Changing admission policies, according to the court’s decision, is not necessarily racist. Perhaps not, but a lot of Asian students who once qualified to attend Harvard no longer do. This issue is also headed for the U.S. Supreme Court, likely later in 2022.

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In Canada, the tentacles of diversity and equity struck down the grant application of Professor Patanjali Kambhampati of McGill University’s chemistry department. A grant of $450,000 would have allowed him to continue his cutting edge- research into high-speed lasers, according to various news reports, useful in everything from medicine to telecommunications, which could help Canada become a world leader in this field. Actually, that was his second rejected grant application by two different federal organizations.

According to the professor, his application stated that he would hire assistants on the basis of merit, and therefore, “the Equity, Diversity and Inclusion considerations in the application were deemed insufficient.”

Merit, and the future success and well-being of Canada clearly were sacrificed on the federal government’s altar of diversity, equity and inclusion.

But, in all of these situations, at least to my understanding, no educational system has legislated the complex, Orwellian machinery of Ontario’s Bill 67, whereby teachers will be indoctrinated into critical race theory and must constantly prove their “competency” with regards to racial equity, along with boards of education, colleges and universities in ways not yet defined, administered by positions not yet created, filled with personnel not yet hired.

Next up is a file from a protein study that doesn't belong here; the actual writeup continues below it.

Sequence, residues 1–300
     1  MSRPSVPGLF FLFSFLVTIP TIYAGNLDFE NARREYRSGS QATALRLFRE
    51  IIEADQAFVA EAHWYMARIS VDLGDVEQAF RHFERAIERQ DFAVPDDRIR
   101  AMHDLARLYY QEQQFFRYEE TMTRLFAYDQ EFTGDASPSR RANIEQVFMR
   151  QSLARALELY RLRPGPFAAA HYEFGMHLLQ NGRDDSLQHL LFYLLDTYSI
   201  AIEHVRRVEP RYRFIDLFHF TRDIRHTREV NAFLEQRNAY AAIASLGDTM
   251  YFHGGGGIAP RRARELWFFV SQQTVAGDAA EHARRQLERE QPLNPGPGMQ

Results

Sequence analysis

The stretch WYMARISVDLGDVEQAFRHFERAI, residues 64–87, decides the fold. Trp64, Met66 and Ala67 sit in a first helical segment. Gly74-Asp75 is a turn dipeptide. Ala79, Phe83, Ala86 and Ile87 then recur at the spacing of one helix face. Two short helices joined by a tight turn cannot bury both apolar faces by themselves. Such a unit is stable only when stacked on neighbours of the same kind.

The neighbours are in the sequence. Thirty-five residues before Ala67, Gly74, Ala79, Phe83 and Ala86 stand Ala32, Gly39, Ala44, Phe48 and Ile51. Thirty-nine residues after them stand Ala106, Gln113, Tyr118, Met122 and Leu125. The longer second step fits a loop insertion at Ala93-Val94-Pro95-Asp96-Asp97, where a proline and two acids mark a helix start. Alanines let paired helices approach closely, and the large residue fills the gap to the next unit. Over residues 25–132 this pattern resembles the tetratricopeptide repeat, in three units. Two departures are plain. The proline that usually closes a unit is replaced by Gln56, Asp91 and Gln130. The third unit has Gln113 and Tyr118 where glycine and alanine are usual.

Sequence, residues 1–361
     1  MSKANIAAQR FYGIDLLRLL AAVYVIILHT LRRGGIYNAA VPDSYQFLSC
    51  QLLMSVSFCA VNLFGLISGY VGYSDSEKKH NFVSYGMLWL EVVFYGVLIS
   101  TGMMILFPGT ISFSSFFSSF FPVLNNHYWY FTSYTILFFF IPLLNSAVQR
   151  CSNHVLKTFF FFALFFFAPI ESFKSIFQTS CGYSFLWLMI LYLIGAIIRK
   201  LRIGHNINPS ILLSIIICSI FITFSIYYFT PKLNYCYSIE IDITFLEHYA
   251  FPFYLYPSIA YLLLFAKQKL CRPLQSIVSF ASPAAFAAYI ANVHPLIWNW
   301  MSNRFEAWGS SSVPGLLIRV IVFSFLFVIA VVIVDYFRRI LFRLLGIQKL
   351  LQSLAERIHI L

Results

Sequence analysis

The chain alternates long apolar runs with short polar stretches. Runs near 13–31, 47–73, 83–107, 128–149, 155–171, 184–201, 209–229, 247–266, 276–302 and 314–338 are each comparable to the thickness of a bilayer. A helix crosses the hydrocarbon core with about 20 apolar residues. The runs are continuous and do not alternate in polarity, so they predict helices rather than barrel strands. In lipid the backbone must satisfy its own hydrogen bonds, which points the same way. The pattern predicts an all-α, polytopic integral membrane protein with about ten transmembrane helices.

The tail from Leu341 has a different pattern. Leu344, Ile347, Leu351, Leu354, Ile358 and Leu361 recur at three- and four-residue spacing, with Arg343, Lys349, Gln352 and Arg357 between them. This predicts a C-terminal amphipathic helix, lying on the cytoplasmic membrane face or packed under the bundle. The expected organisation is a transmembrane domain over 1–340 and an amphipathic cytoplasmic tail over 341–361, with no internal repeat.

Whereas all of the above examples concern admissions. Ontario’s Bill 67 concerns the entire system. This gets Ontario into ‘uncharted waters.’

What might happen, for example, if a teacher, or a school, or a board, or a university had a higher than desirable dropout rate, or a lower-than-expected graduation rate, of one of the groups of “racialized minorities”? Would that put pressure on the teacher or school or the board to correct the imbalance or to be found guilty of equity incompetence? How would such a situation be dealt with by the Ministry and the unelected officials appointed to oversee the system?

No one discusses that.

This scenario is not without some historical perspective. 

Does Ontario’s Bill 67 with its fundamental concepts that education and society are inherently and systemically racist concern you? The concerns of single parent Asra Nomani led her to being a leading voice in fighting CRT curriculum and anti-Asian admissions policies in Fairfax Country, Virginia, which has landed in the US Supreme Court. (Screencap: @AsraNomani)

When Ontario began testing its students for reading and mathematics skills in grades three, six and nine, and introduced the grade ten literacy test which all students must pass in order to graduate, newspapers printed lists of every school and every board of education, ranking them in order of performance. Schools and boards with poor scores were public-shamed and the pressure was on staff and administration to increase performance.

No one stopped to consider various socioeconomic factors, nor did they go beyond raw data to investigate ways in which these schools might have excelled in looking after the emotional and other needs of their children.